Sunil Gatade | The Gujarat ‘extraction’: Hardik’s journey to BJP

Hardik bidding goodbye to the Congress over a week ago had not come as a surprise, much less shock

Former Congress leader Hardik Patel’s attack on the Aam Aadmi Party this week is a pointer that, sooner rather than later, he is going to join the BJP in poll-bound Gujarat. His bidding goodbye to the Congress over a week ago had not come as a surprise, much less shock. The 28-year-old working president of the Gujarat Congress had made up his mind to dump the Grand Old Party.

Mr Patel’s parting of ways with the Congress needs to be seen as an “extraction” by the powers-that be of a leader who had proved to be a tough nut to crack in the last Assembly polls. It was a tacit admission that Rahul Gandhi at the national level and the “three musketeers” in the state had then given the BJP a run for its money.

The BJP wanted to break the back of the disorganised and dispirited Congress Party. The last Assembly polls were a unique challenge for the BJP as the Congress had prepared a heady social cocktail. With Hardik Patel representing the restive Patidar community, Alpesh Thakore from the OBC and Jignesh Mewani of the dalit community at its command, the Congress had all the firepower at its disposal. It was led by a “Janeaudhari Brahmin” to blunt the Hindutva in the BJP’s “laboratory”.

This “extraction” was necessary as the Patidar community is influential and is said to be the deciding factor in at least 50 Assembly seats in the state and plays an important role in many other constituencies. The BJP is also seeking to humour the community as it has denied the chief ministership to its top Patel leader, Nitin Patel, who had been deputy CM for a long time.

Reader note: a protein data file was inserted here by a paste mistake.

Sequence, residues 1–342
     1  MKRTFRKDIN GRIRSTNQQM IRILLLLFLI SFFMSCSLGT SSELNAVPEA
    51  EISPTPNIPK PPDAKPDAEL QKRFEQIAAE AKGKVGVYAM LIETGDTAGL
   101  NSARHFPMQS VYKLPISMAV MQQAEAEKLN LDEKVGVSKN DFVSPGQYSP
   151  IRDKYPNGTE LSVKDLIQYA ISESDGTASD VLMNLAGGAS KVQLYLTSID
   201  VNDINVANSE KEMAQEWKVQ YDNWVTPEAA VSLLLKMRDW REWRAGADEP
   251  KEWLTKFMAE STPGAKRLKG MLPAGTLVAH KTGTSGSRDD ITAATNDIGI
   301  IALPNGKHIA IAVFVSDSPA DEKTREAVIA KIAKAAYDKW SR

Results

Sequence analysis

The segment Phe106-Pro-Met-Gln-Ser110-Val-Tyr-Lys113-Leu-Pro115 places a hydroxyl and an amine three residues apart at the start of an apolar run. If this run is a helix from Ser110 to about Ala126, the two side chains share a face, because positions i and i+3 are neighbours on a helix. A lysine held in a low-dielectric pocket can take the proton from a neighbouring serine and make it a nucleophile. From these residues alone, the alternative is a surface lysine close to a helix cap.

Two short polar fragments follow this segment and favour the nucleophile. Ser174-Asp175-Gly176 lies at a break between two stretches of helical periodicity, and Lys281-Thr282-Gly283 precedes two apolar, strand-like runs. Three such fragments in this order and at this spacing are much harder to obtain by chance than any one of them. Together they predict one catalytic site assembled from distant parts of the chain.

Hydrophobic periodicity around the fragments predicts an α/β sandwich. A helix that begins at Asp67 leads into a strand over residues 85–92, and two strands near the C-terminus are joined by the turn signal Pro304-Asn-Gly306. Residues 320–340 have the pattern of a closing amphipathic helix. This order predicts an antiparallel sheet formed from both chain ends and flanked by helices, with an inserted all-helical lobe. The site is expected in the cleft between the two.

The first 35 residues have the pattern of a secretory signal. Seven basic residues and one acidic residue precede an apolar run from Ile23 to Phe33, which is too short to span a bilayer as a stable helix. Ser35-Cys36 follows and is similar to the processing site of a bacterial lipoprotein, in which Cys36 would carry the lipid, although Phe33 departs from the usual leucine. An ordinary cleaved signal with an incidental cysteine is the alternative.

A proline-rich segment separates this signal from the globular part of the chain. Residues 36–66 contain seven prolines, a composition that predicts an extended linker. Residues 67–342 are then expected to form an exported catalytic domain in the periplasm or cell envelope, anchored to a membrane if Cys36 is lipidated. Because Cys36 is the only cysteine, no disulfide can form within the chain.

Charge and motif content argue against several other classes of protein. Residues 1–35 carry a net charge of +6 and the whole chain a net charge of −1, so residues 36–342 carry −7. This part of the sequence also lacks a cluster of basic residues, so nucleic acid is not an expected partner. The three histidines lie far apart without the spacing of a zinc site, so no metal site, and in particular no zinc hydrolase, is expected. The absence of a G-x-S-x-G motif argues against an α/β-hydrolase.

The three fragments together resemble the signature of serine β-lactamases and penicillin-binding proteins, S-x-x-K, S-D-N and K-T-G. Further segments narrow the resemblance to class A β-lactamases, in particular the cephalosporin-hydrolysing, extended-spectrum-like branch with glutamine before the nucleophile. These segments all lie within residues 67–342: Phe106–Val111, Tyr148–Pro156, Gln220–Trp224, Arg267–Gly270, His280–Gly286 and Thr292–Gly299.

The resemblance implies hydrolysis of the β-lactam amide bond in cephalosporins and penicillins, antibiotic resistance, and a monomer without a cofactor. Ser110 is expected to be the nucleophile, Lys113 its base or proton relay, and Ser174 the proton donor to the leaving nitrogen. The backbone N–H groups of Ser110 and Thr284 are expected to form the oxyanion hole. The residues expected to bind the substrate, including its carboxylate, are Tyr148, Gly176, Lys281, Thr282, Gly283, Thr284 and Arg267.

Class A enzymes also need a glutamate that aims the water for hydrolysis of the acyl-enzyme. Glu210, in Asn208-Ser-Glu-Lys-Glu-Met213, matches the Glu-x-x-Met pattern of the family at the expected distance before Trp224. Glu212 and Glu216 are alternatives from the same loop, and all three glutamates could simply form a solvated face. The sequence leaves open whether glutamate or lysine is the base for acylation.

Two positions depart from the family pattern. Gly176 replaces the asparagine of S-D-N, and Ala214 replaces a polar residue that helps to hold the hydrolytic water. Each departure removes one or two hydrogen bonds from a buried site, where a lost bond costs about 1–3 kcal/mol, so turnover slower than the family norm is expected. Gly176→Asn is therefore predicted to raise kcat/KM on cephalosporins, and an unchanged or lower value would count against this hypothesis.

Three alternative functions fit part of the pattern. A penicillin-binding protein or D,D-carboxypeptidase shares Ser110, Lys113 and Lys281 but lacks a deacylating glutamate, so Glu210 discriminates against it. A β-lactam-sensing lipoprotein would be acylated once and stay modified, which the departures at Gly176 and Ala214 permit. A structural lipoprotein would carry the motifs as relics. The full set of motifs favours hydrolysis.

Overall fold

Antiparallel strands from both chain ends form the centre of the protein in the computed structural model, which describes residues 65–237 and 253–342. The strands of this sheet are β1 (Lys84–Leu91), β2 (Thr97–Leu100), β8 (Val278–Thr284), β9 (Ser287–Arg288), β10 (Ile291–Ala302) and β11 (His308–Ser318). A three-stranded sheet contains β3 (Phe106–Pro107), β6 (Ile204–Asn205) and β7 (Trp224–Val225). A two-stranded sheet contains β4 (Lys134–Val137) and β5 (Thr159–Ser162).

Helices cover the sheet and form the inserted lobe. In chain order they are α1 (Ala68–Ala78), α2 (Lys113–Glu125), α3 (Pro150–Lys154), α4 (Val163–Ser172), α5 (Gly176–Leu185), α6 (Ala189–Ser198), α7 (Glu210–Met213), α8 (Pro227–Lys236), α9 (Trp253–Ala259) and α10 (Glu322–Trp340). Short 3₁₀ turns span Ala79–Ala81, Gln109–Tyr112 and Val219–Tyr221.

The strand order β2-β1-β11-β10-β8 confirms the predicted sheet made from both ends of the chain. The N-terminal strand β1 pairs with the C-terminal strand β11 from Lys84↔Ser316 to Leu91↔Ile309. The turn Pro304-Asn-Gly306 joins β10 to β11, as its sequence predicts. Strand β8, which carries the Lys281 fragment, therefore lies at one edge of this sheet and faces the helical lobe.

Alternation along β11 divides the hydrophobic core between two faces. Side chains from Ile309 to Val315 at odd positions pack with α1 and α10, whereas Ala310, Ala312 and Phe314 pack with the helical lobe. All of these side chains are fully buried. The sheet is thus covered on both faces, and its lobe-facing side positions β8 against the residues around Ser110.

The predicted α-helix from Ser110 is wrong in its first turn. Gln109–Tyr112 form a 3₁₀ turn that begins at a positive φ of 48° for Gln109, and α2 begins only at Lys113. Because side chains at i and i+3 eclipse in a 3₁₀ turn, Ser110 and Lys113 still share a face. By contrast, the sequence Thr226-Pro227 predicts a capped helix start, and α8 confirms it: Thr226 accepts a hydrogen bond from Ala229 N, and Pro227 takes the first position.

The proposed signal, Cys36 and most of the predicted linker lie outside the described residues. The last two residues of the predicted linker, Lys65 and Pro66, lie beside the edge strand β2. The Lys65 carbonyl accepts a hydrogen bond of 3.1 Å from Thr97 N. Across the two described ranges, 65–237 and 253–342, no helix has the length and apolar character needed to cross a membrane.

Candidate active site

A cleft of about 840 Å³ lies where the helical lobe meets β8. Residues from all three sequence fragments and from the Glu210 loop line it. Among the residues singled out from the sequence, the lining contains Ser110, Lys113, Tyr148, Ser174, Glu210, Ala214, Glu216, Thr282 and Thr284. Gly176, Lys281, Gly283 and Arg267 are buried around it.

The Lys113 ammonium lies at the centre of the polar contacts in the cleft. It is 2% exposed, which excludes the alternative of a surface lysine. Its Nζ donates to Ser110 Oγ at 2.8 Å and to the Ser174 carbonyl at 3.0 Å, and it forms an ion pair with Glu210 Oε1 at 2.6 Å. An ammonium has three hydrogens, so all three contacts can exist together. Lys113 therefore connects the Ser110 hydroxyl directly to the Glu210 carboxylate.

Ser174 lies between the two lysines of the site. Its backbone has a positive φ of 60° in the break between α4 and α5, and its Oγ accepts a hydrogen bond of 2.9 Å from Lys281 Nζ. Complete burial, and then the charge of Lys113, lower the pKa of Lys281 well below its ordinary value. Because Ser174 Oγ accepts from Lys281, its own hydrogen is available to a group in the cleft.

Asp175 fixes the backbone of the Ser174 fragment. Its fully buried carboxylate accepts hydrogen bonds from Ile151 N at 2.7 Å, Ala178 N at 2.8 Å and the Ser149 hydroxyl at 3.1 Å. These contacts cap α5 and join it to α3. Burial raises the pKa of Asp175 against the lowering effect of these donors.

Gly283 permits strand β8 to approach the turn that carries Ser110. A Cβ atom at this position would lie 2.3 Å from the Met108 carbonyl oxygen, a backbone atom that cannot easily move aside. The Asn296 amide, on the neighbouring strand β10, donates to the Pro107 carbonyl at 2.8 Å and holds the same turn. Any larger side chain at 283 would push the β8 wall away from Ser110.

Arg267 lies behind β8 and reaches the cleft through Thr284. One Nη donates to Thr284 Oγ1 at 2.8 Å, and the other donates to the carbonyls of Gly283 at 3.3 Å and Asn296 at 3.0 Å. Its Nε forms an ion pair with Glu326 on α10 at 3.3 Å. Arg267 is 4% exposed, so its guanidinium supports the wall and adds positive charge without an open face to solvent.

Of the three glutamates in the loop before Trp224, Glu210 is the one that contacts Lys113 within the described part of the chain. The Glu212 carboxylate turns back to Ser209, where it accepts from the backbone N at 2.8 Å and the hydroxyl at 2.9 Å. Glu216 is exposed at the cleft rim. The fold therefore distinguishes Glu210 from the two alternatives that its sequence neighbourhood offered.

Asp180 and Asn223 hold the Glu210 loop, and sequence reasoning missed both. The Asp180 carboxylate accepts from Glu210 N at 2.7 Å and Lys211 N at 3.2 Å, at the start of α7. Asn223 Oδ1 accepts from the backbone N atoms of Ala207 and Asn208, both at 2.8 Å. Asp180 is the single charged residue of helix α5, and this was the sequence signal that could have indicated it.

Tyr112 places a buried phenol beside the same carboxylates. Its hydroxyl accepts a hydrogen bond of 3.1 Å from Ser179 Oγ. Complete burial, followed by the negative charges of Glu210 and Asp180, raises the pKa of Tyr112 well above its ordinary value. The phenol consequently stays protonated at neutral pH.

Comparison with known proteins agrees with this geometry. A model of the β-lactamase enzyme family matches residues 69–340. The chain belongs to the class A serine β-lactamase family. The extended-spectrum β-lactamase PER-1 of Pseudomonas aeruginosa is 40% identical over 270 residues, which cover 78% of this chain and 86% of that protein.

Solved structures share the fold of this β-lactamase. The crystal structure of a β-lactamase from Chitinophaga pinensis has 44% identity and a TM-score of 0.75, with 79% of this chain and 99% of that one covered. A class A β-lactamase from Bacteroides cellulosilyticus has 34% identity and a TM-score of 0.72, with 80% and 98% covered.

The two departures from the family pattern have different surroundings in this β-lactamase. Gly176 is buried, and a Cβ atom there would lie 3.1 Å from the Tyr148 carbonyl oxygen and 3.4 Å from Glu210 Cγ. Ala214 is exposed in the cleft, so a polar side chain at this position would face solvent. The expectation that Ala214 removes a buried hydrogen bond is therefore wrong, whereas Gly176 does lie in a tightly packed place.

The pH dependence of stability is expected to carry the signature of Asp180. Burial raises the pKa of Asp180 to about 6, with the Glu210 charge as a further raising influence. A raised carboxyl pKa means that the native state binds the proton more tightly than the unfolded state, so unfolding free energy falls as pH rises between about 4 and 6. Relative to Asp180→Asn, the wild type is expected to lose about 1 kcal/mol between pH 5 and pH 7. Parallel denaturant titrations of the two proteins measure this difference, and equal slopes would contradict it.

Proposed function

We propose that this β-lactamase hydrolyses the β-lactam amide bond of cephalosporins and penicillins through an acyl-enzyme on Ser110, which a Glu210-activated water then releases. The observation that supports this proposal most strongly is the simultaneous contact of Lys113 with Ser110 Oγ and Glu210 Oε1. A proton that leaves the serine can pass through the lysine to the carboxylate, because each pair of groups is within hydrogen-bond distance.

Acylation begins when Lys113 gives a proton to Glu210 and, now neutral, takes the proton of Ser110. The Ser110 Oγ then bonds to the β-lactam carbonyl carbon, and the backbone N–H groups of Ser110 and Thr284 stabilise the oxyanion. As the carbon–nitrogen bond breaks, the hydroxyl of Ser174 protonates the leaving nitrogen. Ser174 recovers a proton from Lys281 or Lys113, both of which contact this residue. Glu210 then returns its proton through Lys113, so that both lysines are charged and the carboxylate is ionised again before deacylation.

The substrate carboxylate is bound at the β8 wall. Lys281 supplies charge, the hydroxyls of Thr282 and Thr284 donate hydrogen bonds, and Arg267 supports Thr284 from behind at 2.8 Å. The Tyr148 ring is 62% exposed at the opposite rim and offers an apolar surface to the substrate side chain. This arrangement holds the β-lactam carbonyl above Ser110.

Prime Minister Narendra Modi has been towering over the affairs of Gujarat for the past two decades and his success lies in the fact that he has been an expert in macro- and micro-managing the affairs of the state, which the faithful proclaim as the “Gujarat Model”. So, there is no need to give anyone else the credit for Hardik’s parting of ways.

It is but natural that a general seeks to take the enemy by surprise and also makes every effort to deplete its strength. In political terms, it is also called “divide and rule”. Some political observers insist that the Arvind Kejriwal-led AAP becoming active in Gujarat should also be seen in this context. So far, Gujarat is a state where only the BJP and the Congress count. The last time the Congress won the polls was way back in 1985.

The fact remains that Mr Modi excels in demoralising his detractors to the maximum extent possible, and Rahul Gandhi has been his favourite punching bag for the past eight years. The “Pappu” campaign by Modi supporters hasn’t come out of thin air. In the BJP scheme of things, everything has an agenda and a purpose.